If you automatically think of Philadelphia, Pittsburgh or another large city when someone mentions Pennsylvania, you are missing the beautiful fact that much of the state is filled with wide open spaces. From mountains to agricultural areas to woodlands, the state is filled with natural beauty. Official symbols include the hemlock tree, mountain laurel flowers and the state bird of Pennsylvania, which is the ruffed grouse. The word "ruff", which has a humorous tone to it, refers to the area of feathers encircling the bird's neck. This band of feathers is puffed up, along with the tail feathers, when the male bird is doing its mating ritual to attract females in the spring. The word "grouse", which is also amusing, is the name for a breed of bird that lives in the wild from Canada to the southern parts of the Carolinas. As the state bird of Pennsylvania, the ruffed grouse is particularly fun to locate when you go birdwatching.
In the early 20th century, states began designating official symbols. These are typically plants and animals that are native within each state's boundaries. The state bird of Pennsylvania was one of the earliest symbols to gain official approval. The ruffed grouse was given this rank in June of 1931. Other symbols followed, including the whitetail deer which was named the state animal in 1959, the firefly which was named state insect in 1974, and milk, which was named the state beverage in 1982. Being named the state bird of Pennsylvania does not give the bird any special protection. Instead, it is an acknowledgement of the bird's prevalence and importance since the earliest days of Pennsylvania's history through to modern times.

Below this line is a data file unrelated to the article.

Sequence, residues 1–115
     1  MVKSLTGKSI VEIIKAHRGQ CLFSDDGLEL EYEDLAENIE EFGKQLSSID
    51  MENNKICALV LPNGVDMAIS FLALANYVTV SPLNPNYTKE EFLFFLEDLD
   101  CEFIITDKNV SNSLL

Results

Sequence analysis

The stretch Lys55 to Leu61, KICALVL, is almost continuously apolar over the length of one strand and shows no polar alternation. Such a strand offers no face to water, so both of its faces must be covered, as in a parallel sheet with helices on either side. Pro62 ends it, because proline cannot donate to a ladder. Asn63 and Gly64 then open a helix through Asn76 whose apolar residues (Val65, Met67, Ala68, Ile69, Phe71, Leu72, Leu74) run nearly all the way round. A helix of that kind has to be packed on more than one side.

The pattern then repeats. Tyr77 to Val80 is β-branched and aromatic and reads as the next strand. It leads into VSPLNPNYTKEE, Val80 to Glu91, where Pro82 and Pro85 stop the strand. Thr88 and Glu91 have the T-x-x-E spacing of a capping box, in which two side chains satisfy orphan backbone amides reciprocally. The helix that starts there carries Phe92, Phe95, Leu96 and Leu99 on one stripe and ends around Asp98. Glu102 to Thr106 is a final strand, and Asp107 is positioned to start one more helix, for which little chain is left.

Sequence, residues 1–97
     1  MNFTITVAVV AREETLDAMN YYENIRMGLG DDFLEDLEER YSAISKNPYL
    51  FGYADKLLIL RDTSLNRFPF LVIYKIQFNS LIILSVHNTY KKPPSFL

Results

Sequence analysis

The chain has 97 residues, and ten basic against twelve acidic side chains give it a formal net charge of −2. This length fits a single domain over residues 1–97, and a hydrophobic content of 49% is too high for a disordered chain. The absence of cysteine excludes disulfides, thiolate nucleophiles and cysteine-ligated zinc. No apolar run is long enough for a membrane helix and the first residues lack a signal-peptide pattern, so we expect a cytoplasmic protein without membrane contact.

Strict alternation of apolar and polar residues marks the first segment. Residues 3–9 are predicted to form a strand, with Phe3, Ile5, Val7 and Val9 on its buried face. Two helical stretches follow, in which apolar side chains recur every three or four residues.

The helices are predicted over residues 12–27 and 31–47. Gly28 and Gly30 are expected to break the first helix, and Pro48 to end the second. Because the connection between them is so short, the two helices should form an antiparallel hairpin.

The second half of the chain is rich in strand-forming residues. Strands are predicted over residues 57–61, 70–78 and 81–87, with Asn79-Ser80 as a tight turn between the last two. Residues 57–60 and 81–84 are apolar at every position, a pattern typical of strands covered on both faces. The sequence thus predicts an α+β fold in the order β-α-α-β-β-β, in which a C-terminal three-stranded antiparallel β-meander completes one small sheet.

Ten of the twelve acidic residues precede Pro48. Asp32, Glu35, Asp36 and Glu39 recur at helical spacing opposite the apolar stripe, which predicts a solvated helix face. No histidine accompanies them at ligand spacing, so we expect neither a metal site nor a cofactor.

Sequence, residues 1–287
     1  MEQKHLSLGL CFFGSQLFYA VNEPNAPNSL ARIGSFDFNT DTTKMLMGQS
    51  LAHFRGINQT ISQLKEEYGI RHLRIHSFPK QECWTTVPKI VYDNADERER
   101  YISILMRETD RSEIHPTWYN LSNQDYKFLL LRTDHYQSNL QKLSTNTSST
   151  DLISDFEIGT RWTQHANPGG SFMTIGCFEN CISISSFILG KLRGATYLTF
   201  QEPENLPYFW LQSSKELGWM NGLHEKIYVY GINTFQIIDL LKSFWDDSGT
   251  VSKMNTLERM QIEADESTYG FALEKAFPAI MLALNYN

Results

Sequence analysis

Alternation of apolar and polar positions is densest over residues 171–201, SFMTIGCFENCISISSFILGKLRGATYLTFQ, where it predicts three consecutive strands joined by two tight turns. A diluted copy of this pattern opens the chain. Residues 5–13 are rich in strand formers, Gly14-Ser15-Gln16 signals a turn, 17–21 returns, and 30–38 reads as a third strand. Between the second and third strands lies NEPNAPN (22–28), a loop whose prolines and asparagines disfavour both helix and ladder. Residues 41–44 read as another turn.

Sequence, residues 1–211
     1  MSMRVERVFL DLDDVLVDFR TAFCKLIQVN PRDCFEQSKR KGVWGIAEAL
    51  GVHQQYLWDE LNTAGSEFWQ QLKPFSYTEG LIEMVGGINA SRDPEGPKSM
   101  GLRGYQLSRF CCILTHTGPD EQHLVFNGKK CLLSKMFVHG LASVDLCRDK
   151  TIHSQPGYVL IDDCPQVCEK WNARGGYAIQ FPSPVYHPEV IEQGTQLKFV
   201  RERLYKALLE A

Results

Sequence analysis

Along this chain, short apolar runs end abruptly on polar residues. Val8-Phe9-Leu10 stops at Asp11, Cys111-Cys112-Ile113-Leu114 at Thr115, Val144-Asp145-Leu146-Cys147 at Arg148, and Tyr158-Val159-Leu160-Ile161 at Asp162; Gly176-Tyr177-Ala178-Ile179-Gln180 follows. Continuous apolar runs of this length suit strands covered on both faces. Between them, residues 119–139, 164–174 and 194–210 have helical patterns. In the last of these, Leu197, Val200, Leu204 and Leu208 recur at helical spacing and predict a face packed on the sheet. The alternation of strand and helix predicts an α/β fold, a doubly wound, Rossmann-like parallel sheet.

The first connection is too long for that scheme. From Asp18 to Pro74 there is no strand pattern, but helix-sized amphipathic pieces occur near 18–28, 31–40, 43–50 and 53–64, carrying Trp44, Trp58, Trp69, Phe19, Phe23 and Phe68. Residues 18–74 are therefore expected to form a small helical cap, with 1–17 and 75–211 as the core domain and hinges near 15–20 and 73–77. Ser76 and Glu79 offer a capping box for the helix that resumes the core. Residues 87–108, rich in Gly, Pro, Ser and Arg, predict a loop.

The state bird of Pennsylvania is about the size of a farmyard chicken. The ruffed grouse, however, has shorter legs than what you see on most chickens, and is typically seen running and darting through dense underbrush out in the wild. The ruffed grouse is generally light brown with darker brown -- almost black -- broken stripes running across its feathers.
As people move away from the dense population centers of large cities into the suburbs and countryside, the state bird of Pennsylvania has had to adapt to a smaller area of habitat. The bird count has slowly declined over the years, although it has never approached an endangered level. In some years, the bird count has even increased slightly.
The ruffed grouse is a game bird and popular during the hunting season harvest. As the state bird of Pennsylvania, the hunting season is heavily regulated and monitored by both the U.S. Forest service and the state Game Commission. Well-trained hunting dogs accompany the hunting party, carefully carrying the prey back to the hunters once the birds have been shot. Hunting for ruffed grouse typically occurs on the edges of lightly wooded areas where the birds hunt for food in the low growing shrubs and undergrowth.
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Birdwatchers may observe the state bird of Pennsylvania in many of the region's parks. In the northern part of the state, Big Pocono State Park is a great place to spot groups of ruffed grouse. Further south, the Laurel Highlands near Pittsburgh also offers many opportunities to see the birds in the wild. Observe precautions and stay on designated trails in the parks when you go bird watching in these areas.